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Yasmin Case Study

vikiwalden | Monday November 05, 2012

Categories: GCSE, WJEC GCSE, Films & Case Studies, Non-Hollywood Films, Yasmin, Genres & Case Studies, British Film, Drama, Independent, Hot Entries, Key Concepts, Audience, Film Language, Representation

Paper 2 | Non-Hollywood Film | Yasmin

Synopsis

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The opening of Yasmin reveals a Britain where racism prevails. Khalid and his son (Nasir) open the shutter of the family shop, which has been coated in racist graffiti. Nas proceeds to sing morning prayers – his voice echoes over the city and surrounding hills through the loud speaker - calling everyone to prayer. Several Muslims are seen hurriedly preparing, except one - Yasmin. In a field, just outside of town, she swaps her hijab for skinny jeans and black heels. Then takes to her convertible car, puts on her sunglasses and drives to work. There is no doubt Yasmin is a modern woman.

At work, her close friend John complains about her wasting money on her car. His attitude is shared by her father. Despite their cultural differences, it is clear John and Khalid share some similar values and care for her. John and Yasmin are clearly quite close; a potential relationship is set up.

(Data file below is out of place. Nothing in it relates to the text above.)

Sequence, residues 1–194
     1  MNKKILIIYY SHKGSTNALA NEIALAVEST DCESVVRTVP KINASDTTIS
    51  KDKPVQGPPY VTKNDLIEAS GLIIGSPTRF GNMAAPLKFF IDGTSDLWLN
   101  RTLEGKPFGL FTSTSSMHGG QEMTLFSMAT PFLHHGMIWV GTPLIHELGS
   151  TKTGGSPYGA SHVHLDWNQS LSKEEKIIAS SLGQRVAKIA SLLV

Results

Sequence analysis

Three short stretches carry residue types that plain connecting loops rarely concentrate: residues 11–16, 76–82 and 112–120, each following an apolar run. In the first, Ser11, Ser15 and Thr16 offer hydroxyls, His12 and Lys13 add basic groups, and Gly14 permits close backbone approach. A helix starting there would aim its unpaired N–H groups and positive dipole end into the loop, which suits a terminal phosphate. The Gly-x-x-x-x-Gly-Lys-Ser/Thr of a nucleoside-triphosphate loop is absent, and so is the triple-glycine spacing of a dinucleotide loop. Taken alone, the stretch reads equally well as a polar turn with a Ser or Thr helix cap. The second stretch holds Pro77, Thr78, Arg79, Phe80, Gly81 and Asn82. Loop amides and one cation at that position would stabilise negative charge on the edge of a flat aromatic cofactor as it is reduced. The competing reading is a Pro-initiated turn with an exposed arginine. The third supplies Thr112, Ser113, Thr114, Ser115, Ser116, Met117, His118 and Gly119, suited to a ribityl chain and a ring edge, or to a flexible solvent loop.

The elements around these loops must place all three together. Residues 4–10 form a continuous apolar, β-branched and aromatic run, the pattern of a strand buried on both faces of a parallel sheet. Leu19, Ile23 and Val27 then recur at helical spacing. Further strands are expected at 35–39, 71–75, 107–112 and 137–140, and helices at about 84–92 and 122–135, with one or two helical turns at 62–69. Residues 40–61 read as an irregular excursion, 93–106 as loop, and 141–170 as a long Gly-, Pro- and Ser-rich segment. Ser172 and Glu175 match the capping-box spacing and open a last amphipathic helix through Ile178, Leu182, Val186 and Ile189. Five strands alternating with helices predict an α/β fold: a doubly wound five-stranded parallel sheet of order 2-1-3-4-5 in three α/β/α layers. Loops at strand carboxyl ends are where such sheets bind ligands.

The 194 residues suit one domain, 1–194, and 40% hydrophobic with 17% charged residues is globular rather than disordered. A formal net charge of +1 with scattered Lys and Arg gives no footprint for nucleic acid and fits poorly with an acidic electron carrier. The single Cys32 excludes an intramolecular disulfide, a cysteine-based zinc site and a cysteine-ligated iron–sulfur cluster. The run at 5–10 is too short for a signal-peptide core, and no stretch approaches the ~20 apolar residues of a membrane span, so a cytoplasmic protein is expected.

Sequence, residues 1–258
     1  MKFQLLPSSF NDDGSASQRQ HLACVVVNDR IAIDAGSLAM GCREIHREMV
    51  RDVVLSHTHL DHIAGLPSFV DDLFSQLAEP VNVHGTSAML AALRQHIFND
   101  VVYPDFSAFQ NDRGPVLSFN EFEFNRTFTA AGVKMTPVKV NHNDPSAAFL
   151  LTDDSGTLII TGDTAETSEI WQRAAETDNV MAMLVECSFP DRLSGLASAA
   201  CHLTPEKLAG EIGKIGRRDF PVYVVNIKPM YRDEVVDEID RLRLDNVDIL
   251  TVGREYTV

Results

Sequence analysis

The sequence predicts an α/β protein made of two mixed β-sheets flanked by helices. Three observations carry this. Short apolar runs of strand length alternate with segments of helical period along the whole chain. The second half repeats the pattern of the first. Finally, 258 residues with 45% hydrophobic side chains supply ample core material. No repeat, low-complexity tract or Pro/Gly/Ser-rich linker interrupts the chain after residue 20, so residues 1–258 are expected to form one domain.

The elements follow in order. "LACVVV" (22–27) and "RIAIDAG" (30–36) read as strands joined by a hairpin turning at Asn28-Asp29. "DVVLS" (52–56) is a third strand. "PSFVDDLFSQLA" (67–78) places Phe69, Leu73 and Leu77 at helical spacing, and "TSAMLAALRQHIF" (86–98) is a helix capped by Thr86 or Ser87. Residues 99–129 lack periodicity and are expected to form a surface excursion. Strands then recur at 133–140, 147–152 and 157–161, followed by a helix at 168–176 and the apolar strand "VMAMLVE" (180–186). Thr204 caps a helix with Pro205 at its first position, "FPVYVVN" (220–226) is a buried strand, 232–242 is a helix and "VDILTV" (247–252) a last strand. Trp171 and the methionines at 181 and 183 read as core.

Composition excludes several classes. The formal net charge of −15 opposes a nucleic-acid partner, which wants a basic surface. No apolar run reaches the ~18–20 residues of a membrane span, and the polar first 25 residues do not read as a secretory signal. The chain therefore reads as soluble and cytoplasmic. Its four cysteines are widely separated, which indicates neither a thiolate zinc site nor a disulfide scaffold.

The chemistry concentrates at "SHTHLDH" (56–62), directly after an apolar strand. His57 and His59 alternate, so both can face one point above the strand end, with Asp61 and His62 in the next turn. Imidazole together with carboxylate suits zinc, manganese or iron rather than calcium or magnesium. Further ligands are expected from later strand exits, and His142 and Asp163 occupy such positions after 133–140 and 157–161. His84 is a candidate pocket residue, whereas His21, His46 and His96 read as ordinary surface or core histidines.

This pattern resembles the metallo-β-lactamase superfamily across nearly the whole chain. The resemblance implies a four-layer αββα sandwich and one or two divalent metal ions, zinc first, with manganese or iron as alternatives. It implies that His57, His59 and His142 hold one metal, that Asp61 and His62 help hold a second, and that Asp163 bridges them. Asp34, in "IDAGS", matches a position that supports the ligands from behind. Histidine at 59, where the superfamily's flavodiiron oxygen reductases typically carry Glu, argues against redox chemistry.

While Yasmin works, her father talks with a friend in a car garage. They discuss the growing distance between their generation and their children. 

After work, Yasmin visits the pub with John; she accepts an orange juice, while he has a pint of beer. Her white, female colleagues stare at her with a sense of unease. As the sound of evening prayer resonates, Yasmin returns to the field to change back into traditional dress and puts a wedding ring on her finger.

While Khalid tries to teach Nas to read the Koran in Arabic and to upheld traditional values, Yasmin is stopped by police in her car. She gives them her full details and driving licence without prompt – there is a sense she is use to this procedure.
Upon returning home, Yasmin discovers her husband (Faysal) is cooking on a bonfire in the garden.  She calls him a ‘savage’ and ‘banana boat’. Her father worries about her shaming the family name. While he demands respect in the house, he is aware of the freedoms on offer outside of his house and...


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